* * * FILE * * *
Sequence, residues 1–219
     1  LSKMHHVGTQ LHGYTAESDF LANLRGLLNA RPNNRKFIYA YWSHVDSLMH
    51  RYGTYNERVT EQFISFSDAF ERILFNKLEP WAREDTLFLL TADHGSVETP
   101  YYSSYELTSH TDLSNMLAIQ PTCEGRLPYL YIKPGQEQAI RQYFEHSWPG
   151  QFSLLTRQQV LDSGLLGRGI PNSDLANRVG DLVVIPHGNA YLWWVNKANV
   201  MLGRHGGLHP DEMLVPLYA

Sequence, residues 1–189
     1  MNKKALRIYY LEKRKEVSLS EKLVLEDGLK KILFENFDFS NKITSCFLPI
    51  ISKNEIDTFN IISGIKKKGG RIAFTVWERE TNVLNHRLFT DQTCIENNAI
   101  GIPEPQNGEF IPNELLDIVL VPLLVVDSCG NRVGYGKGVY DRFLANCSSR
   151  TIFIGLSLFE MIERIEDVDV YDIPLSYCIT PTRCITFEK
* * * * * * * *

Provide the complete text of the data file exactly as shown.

Sequence, residues 1–219
     1  LSKMHHVGTQ LHGYTAESDF LANLRGLLNA RPNNRKFIYA YWSHVDSLMH
    51  RYGTYNERVT EQFISFSDAF ERILFNKLEP WAREDTLFLL TADHGSVETP
   101  YYSSYELTSH TDLSNMLAIQ PTCEGRLPYL YIKPGQEQAI RQYFEHSWPG
   151  QFSLLTRQQV LDSGLLGRGI PNSDLANRVG DLVVIPHGNA YLWWVNKANV
   201  MLGRHGGLHP DEMLVPLYA

Sequence, residues 1–189
     1  MNKKALRIYY LEKRKEVSLS EKLVLEDGLK KILFENFDFS NKITSCFLPI
    51  ISKNEIDTFN IISGIKKKGG RIAFTVWERE TNVLNHRLFT DQTCIENNAI
   101  GIPEPQNGEF IPNELLDIVL VPLLVVDSCG NRVGYGKGVY DRFLANCSSR
   151  TIFIGLSLFE MIERIEDVDV YDIPLSYCIT PTRCITFEK